Should I Accept an Insurance Company’s First Offer?

By Peter DePaolis

There are several reasons you will want to think twice before grabbing the initial offer from the insurance company if you got hurt in an accident that was someone else’s fault. You might have bills piling up and no paychecks coming in, so it can be quite tempting to go for a quick settlement, but you will most likely regret it later.

A North Virginia car accident attorney can explain to you whether you should accept an insurance company’s first offer in your situation. Here are some things you need to know about the pitfalls of taking the initial settlement offer.

The Insurance Company’s Job Is to Pay You Less Than You Deserve

Insurance companies are in business to make a profit. If an insurer does not make as much profit as expected, the shareholders will be unhappy, and the stock prices can fall. Insurance companies have a significant financial motivation to pay injured people as little money as possible on their claims.

The claims adjuster might act friendly but make no mistake. He is not your friend. He wants to keep his job, which means that he needs to deny or pay pennies on the dollar on claims assigned to him. 

The First Offer Is Usually Lowball

The nature of negotiations is that one party makes an offer that is not that party’s bottom line. Initial offers include a buffer zone to allow for counteroffers. Many first offers are ridiculously low, like a home buyer’s first offer on a house during a buyer’s market. The initial offer is merely the starting point for the negotiations.

Unless you work in the personal injury field at a law firm or insurer, you are unlikely to know the financial value of your case. You might not realize that your claim could include your medical bills, lost wages, disfigurement, and pain and suffering, among other things, depending on the facts of your case. It is not the job of the insurance company to notify you about these items.

You Might Need Additional Medical Treatment

It might seem safe enough to settle your injury case when you are near the end of your initial treatment plan, but doing so could backfire on you. Let’s say that you settle your personal injury claim during the last few weeks of your physical therapy. You go back to your treating physician for a follow-up and find out that you will need surgery to achieve full recovery.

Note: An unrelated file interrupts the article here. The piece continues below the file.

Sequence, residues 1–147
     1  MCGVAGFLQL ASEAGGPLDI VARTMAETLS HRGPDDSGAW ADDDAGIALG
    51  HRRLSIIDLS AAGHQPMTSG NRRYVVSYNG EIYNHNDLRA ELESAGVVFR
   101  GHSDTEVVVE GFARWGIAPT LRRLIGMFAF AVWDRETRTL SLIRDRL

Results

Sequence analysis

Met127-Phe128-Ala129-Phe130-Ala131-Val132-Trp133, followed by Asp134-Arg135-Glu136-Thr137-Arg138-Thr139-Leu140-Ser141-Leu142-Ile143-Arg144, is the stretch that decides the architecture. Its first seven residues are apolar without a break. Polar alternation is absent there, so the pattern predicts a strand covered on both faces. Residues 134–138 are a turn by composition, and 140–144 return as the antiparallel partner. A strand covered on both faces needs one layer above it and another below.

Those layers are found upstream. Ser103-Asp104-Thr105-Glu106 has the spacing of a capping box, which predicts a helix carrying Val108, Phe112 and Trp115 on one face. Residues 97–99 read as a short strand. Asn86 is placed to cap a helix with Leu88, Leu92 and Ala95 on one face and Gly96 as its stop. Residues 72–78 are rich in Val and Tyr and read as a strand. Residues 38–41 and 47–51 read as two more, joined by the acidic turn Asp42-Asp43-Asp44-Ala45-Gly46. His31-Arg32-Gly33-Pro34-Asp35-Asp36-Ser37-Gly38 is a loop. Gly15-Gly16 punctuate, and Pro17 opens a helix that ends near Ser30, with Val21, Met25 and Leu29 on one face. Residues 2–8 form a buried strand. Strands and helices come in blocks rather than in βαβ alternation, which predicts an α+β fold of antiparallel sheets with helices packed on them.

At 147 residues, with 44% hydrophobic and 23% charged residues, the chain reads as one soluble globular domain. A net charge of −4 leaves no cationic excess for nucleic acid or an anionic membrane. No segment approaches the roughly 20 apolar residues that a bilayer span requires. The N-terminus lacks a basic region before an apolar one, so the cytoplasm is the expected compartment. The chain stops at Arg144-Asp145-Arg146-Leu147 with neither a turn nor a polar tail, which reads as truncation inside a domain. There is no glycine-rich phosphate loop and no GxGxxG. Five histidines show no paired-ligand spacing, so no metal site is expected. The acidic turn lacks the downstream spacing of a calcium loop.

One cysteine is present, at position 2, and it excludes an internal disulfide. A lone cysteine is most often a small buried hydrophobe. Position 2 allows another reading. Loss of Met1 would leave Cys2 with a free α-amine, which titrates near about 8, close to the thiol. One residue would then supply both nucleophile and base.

The insurance company and at-fault party have no legal obligation to you after you sign the settlement papers, so they will not pay you any more money. You might end up with a stack of medical bills that you cannot afford to pay. If you had waited to settle your claim, the medical bills could have been added to your personal injury case.   

A Virginia personal injury attorney can deal with the insurance company directly so that you do not have to do so. You get to rest and focus on your well-being, knowing that your lawyer is taking care of your injury claim. Contact our office today for a free consultation

About the Author
Peter DePaolis joined the firm in 1980 and has since represented a large number of individuals involved in automobile collisions, truck accidents, bus crashes, defective products, and medical malpractice cases. A significant portion of Mr. DePaolis’ practice is devoted to working on behalf of people suffering from asbestosis, mesothelioma, and other asbestos-related cancers. He has led his firm’s fight against the asbestos industry and has recovered over $30 million in damages for asbestos victims and their families.